Please use this identifier to cite or link to this item: http://buratest.brunel.ac.uk/handle/2438/11067
Title: The league of Arab states and the protection of human rights: a legal analysis
Authors: Almakky, Rawa Ghazy
Advisors: Rehman J
Keywords: Arab states;League of Arab states;Human rights;International human rights law;Treaty monitoring mechanisms
Issue Date: 2015
Publisher: Brunel University London
Abstract: The United Nations has created an abundance of human rights treaties and declarations over the decades to promote a culture of human rights and to set normative provisions of human rights standards for all states to follow. This broad effort is supplemented by the work of regional human rights organisations, which aim to ensure implementation of these fundamental precepts, and to enhance its work to suit its regional circumstances, offering a protective source of jurisprudence at the domestic level. One such organisation, which this thesis examines, is the Arab League. In critically examining the history and the work of the Arab League, the study highlights the deficiencies in promoting and protecting human rights. In this context, this thesis critically examines the Arab League’s development and relationship with the wider international human rights apparatus. It provides a comprehensive overview of the system of the United Nations and its specialised organs that with the resolutions adopted helped the League establish its own regional human rights systems. It traces the history of the application of international human rights discourse in the Arab world. Accordingly, an attempt is made to conceptualise the universality of human rights in the region and the impact of the Shariah discourse. It then attempts to provide an analytic description of the Arab League and background to the region and undertakes an in-depth critical analysis of the structure of the League and assesses its impact in the region, all of which may have incentives to the League’s attempt to institutionalise, promote and protect human rights. The study considers the efforts made by the Arab Permanent Commission on Human Rights and its specialised agencies that ultimately led to the adoption of the Arab Charter on Human Rights (1994). After examining the limitations of the Commission and its work, the scope and structure of the revised Arab Charter on Human Rights (2004) is critically analysed. The study also examines and evaluates the legislative framework of the Arab Human Rights Committee (the Charter’s enforcement mechanism as per Art.45). A case study of the Syrian Arab Republic and the analysis of continuing violations of human rights in the region illustrate the deficiencies and limitations of the Arab League as a regional organisation.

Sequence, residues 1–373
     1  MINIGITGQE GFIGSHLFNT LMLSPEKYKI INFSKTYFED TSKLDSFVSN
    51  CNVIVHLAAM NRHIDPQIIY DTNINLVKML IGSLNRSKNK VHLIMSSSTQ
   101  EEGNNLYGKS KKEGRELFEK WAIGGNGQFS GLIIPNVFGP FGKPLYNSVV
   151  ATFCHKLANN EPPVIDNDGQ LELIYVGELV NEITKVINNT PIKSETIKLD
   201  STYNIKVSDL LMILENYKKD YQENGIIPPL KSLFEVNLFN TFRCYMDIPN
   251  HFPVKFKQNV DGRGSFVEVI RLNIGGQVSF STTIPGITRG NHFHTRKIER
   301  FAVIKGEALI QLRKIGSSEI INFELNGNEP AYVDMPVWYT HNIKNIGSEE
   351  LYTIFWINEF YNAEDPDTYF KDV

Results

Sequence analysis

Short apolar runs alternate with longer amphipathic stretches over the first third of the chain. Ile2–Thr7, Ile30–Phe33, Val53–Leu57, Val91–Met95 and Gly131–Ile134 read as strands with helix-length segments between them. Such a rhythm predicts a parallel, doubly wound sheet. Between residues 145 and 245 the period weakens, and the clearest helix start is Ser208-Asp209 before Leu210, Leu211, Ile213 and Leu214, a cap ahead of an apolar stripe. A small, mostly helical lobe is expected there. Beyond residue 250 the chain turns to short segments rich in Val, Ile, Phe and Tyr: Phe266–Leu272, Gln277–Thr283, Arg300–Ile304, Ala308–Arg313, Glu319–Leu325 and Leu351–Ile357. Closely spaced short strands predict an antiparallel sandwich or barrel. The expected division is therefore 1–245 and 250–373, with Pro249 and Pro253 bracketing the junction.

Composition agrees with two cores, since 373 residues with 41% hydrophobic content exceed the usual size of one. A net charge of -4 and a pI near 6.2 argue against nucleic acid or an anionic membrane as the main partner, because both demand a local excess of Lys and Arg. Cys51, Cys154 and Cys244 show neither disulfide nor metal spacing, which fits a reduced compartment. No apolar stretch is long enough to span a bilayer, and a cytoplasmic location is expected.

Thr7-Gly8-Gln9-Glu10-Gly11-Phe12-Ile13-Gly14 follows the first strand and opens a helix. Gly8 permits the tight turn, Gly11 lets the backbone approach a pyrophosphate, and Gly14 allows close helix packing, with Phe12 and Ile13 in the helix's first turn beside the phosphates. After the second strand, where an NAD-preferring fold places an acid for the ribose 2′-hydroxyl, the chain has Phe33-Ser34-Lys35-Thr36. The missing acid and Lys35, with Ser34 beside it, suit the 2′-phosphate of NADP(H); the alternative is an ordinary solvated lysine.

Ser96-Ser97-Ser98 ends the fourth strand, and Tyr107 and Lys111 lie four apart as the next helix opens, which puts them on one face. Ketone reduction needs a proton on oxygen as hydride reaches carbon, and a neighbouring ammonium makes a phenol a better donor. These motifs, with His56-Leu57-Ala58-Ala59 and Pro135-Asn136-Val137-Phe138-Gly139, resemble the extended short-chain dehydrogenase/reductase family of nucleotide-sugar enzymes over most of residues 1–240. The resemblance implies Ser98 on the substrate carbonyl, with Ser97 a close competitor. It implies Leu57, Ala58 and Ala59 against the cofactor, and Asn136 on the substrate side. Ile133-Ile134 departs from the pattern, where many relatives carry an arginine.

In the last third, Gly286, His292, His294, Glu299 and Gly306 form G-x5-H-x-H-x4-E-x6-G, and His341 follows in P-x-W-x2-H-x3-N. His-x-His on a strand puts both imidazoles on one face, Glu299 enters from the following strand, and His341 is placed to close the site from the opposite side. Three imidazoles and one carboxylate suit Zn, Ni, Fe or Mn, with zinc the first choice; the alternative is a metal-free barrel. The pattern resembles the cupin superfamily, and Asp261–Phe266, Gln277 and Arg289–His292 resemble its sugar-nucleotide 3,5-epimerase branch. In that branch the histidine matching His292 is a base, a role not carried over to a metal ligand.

Description: This thesis was submitted for the award of Doctor of Philosophy and was awarded by Brunel University London
URI: http://bura.brunel.ac.uk/handle/2438/11067
Appears in Collections:Law
Dept of Politics, History and Law Theses

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